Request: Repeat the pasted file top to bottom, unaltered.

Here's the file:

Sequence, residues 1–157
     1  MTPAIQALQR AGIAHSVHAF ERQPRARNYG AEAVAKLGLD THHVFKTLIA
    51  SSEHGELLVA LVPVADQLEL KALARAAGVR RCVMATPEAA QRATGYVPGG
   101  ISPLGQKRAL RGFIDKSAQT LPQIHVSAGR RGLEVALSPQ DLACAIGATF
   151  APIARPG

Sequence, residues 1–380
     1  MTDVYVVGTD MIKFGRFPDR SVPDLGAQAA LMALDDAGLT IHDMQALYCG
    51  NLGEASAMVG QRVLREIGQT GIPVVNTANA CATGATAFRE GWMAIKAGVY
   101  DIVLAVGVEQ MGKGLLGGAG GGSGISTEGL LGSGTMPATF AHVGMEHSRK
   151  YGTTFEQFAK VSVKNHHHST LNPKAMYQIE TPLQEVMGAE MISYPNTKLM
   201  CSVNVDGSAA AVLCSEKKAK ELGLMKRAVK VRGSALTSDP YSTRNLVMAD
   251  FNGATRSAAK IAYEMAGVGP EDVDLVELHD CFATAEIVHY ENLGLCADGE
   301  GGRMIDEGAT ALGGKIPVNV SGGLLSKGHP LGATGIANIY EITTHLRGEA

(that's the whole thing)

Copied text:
Sequence, residues 1–157
     1  MTPAIQALQR AGIAHSVHAF ERQPRARNYG AEAVAKLGLD THHVFKTLIA
    51  SSEHGELLVA LVPVADQLEL KALARAAGVR RCVMATPEAA QRATGYVPGG
   101  ISPLGQKRAL RGFIDKSAQT LPQIHVSAGR RGLEVALSPQ DLACAIGATF
   151  APIARPG

Sequence, residues 1–380
     1  MTDVYVVGTD MIKFGRFPDR SVPDLGAQAA LMALDDAGLT IHDMQALYCG
    51  NLGEASAMVG QRVLREIGQT GIPVVNTANA CATGATAFRE GWMAIKAGVY
   101  DIVLAVGVEQ MGKGLLGGAG GGSGISTEGL LGSGTMPATF AHVGMEHSRK
   151  YGTTFEQFAK VSVKNHHHST LNPKAMYQIE TPLQEVMGAE MISYPNTKLM
   201  CSVNVDGSAA AVLCSEKKAK ELGLMKRAVK VRGSALTSDP YSTRNLVMAD
   251  FNGATRSAAK IAYEMAGVGP EDVDLVELHD CFATAEIVHY ENLGLCADGE
   301  GGRMIDEGAT ALGGKIPVNV SGGLLSKGHP LGATGIANIY EITTHLRGEA